Turtle Bitch: an USB audio system for gaming

The amount of hobby projects I start, or let alone finish, has decreased quite a bit since I started my professional career. Nowadays my projects are usually things that do not exist in a market, or that only exist in an unsatisfactory form. This project falls into the first category; given the vast increase in the amount of gear marketed towards the gamer community I am still perplexed why I had to build this USB DAC / amplifier for my weekly fixes of online gaming with friends.

Front panel
One knob is for voice chat and another one for main volume; one button for muting the microphone and another one for playback mute.


There are some headphones on the market which allows the user to adjust the volume separately for voice chat and game audio. It narrows down the list of headphones to purchase to just a few products. Moreover, the functionality is also often implemented with software, which is way too unreliable for me. The same functionality could be achieved by using a software mixer without any special hardware, but given how often Windows seems to update itself and break features that is a path that I was not willing to travel.

The key design choice was that I wanted to use two separate USB audio chips, one which is dedicated to voice chat and one that handles everything else. Both chips need to have separate volume controls. I also threw in an optical audio input (with TI DIR9001) for a network media player, and decided that I could do the mixing with an FPGA. I ended up using two separate chips just so that it would be easy to distinguish the chips from each other in Windows; I was already familiar with TI PCM2707, and chose to accompany it with a C-Media CM108AH that also had a microphone input. Both chips can be configured to use I2S for inputs and outputs.

Turtle Bitch PCB

One of the most difficult things to get right was to make sure that the USB bus would work reliably if both chips were active. Through trial and error I found out that the USB 2.0 hub inside Microchip USB5742 seems to work well, and ended up integrating a Muxtronics Nanohub on the board.

After leaving the USB audio chips the I2S buses go through Si86xx isolators as I wanted to ensure that none of the USB power supply noise gets into the sensitive analog parts. After isolations I am using TI SRC4190 sample rate converters as I didn’t really want to spend the time to do the sample rate conversions on the FPGA.

Around the time of designing this I spotted an advertisement in a magazine, promoting the compact MAX1000 FPGA board and was immediately interested. After waiting for a couple of months I finally got my hands on one, and as a result this amplifier is also sporting an Intel MAX10 FPGA. The FPGA does the mixing, and its Nios II softcore processor also controls all the buttons, knobs and switches of the user interface.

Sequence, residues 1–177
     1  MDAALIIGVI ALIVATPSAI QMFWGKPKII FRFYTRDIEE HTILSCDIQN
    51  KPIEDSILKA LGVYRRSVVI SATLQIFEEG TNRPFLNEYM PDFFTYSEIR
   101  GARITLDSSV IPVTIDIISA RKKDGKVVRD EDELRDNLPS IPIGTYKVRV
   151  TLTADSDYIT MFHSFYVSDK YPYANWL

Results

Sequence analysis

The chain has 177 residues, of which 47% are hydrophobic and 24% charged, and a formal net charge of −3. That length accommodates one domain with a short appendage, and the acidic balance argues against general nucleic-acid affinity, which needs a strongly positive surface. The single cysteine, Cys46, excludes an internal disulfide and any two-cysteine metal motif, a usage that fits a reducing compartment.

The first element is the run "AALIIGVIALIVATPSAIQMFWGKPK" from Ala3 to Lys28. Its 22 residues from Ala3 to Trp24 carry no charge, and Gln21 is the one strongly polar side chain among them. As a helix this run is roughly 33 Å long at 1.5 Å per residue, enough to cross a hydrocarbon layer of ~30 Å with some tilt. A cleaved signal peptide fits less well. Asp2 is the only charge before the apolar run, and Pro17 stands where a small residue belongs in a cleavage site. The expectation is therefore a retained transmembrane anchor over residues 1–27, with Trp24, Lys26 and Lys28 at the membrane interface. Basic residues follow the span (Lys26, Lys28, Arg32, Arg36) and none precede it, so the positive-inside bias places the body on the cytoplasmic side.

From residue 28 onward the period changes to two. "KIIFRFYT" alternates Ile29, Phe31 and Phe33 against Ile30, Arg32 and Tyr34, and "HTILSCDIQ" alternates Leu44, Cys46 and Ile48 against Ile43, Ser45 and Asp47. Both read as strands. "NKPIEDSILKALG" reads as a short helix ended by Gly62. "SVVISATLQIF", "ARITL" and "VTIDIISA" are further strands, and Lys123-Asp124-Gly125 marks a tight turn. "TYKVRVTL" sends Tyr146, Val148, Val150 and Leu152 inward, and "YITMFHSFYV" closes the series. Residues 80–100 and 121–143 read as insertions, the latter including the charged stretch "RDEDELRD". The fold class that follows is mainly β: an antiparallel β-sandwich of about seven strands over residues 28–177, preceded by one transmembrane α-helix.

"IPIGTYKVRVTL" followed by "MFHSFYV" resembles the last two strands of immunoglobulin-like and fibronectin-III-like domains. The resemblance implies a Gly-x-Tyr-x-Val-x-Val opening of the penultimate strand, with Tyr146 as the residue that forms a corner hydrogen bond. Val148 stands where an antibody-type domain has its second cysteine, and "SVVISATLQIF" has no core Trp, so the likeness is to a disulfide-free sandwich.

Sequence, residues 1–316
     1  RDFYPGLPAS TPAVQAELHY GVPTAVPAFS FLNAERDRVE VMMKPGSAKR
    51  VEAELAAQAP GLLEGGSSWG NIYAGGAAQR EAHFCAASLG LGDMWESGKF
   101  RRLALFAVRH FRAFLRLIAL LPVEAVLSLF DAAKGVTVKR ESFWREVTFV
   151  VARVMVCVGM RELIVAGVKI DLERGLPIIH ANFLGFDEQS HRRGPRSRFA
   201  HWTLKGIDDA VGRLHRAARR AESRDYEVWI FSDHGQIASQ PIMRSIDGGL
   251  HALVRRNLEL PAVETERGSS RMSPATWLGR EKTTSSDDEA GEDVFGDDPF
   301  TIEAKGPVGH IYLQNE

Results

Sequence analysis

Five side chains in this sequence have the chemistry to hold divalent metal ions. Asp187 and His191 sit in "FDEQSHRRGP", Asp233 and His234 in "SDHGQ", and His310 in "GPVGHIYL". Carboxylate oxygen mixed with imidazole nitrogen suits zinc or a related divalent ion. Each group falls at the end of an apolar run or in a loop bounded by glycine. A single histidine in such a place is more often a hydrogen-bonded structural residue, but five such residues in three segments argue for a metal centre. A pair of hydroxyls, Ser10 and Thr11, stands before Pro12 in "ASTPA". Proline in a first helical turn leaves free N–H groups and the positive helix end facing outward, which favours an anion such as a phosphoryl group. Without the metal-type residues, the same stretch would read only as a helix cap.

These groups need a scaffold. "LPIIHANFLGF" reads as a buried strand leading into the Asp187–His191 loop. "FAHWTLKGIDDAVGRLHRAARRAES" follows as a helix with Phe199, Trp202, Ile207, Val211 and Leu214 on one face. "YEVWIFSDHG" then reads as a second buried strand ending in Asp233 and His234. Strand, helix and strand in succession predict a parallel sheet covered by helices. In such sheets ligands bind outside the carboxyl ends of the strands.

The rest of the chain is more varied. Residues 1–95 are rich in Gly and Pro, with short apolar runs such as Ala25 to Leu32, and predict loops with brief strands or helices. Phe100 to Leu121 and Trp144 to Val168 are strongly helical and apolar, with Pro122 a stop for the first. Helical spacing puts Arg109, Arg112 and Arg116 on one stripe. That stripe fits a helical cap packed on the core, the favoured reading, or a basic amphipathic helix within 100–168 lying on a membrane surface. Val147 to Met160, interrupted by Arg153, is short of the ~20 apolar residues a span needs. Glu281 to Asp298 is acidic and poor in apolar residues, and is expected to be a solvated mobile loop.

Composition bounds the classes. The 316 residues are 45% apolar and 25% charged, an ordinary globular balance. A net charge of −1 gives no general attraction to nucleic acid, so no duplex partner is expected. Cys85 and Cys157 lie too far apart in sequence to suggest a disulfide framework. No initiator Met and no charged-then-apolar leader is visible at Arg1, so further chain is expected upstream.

For the DAC I am using a Cirrus Logic WM8731 which was yet another chip I was already familiar with. It acts as the I2S master, and has both headphone and line level outputs. Initially I was going to use passive speakers so I hooked it up to an TPA3116 class D amplifier circuit with the option of having a preamplifier output as well.


Back panel
From left to right: USB, Toslink in, DC in, preamp out, speaker terminals.

I have been using this system for over a year now and it has worked well. If I were to do a re-spin, I would change a couple of things; first of all, having the DC input next to the Toslink input was a bad idea as it is possible to jam the barrel plug to the Toslink connector and damage it. Moreover, sometimes Windows does not find the USB devices after boot unless I reconnect the USB lead – probably it would have been wiser just to have two USB connectors on the back.

I have built two of these boards, one for myself and one for a friend, and have no interest in building more as bringing the cost down would require quite significant effort. Therefore I challenge manufacturers to stop fiddling with RGB leds and offer something as good as this amplifier to the rest of the world. That is, unless you are still busy trying to make an usable solid state relay

For those who are curious to find out more, check the schematic. The schematic and the information in this blog post has been licensed under CC BY 4.0.

2 thoughts on “Turtle Bitch: an USB audio system for gaming”

    • Thanks for the kind words, they feel nice after the many hours I put into this project. Have a great weekend!


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